The October 2008 issue of Esquire Magazine was the crown jewel in my magazine technology museum. Not a difficult feat, considering there are only two specimens on display in the collection. The operative word in that first sentence is “was” because today, May 20, 2009, approximately eight months after I purchased said gem of a magazine, the batteries have died. Why would a magazine have batteries?
This issue of Esquire (which I haven’t read) was the first magazine to employ an eink / e-ink cover. There’s also an e-ink advertisement on the inside cover, but it’s not as impressive. For sure, the cover itself isn’t that impressive either. But it’s a representation of fantastic technological potential. For almost a year I’ve displayed it on my shelf. The usual response upon noticing it was something along the lines of, “Is that magazine moving?!” or, “Is that an LCD screen built into a magazine?!” or, “Why did you buy Esquire?!”
Now, unless I hack it, it’s dead. A victim of limited battery life. I can’t wait for real e-ink magazines and newspapers. And no, the Kindle and other e-ink book readers don’t count. They’re too rigid, bulky and expensive. I won’t hold my breath for something better though.
The other specimen in my magazine technology museum? It’s the July 2007 issue of Wired Magazine. It looks different from your copy or any other for that matter because it’s the first magazine with a cusomized cover. Wired allowed the first 5,000 respondents to provide a picture to appear on their issue of Wired. I kept my custom Dan Dreifort cover issue in the plastic wrap and purchased the mass market Optimus Prime cover to read. Yes, I still read Wired. It’s gone downhill in the past few years, but it’s still worth $10/year.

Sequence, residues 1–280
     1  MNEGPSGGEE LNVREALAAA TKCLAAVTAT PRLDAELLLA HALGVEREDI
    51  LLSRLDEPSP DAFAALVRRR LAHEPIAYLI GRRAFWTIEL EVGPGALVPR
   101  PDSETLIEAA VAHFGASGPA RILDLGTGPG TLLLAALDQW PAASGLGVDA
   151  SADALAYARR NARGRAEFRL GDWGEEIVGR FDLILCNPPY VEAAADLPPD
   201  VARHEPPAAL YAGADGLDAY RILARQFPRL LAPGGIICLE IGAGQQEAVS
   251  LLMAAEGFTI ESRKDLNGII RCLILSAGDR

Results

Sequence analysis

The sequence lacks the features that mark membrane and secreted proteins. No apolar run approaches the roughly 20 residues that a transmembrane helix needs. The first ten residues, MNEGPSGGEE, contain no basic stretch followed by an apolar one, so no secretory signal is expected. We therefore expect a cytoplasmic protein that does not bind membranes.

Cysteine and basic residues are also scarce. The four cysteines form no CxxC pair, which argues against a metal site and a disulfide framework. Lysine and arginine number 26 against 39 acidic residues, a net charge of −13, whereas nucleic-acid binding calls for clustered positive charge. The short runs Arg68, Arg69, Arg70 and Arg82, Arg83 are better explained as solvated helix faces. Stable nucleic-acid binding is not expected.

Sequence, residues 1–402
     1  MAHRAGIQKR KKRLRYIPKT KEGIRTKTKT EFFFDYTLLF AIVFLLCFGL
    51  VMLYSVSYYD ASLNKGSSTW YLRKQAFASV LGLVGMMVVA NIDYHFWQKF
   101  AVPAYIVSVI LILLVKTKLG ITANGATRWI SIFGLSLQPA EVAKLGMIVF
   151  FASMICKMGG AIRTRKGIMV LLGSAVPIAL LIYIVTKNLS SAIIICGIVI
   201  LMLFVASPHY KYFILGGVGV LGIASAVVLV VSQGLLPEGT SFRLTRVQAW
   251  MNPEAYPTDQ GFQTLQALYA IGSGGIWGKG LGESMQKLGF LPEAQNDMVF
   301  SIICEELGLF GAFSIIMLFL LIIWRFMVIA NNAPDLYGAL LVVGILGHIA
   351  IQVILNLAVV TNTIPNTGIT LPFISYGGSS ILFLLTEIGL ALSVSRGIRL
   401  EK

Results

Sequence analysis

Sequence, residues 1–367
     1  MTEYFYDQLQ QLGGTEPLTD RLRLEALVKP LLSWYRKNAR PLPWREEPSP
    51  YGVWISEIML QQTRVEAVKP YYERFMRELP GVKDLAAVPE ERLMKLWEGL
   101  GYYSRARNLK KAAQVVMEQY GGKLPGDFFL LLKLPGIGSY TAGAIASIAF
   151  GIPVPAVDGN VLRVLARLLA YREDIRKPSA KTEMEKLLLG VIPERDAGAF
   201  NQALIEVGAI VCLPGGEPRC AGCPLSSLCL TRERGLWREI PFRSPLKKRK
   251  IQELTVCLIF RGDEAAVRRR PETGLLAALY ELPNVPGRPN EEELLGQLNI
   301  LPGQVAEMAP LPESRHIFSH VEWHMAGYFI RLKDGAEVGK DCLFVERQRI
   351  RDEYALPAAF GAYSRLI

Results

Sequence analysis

What will be the third entry into my exclusive Magazine technology museum? I’m giddy with anticipation!
3 thoughts on “How Long Does Esquire E-ink Battery Last?”
M Esquire died today, May 28.
My Esquire battery died about August 18, 2009.
I donated the contents of the entire MTM (Magazine Technology Museum) library to the MIMC (Museum of Interesting Magazine Covers) collection. It was an easy transaction, as I’m the curator of both. With this generous donation from Dan Dreifort, the MIMC’s holdings increased from one copy of ‘Where Los Angeles’ with a particularly poorly thought-out cover layout, to an astounding three magazine collection, including the pieces described earlier in this post. A fourth specimen, (the mass market cover version of the customized Wired issue) is in the collection archives for reference purposes but is not considered part of the collection proper. That is all.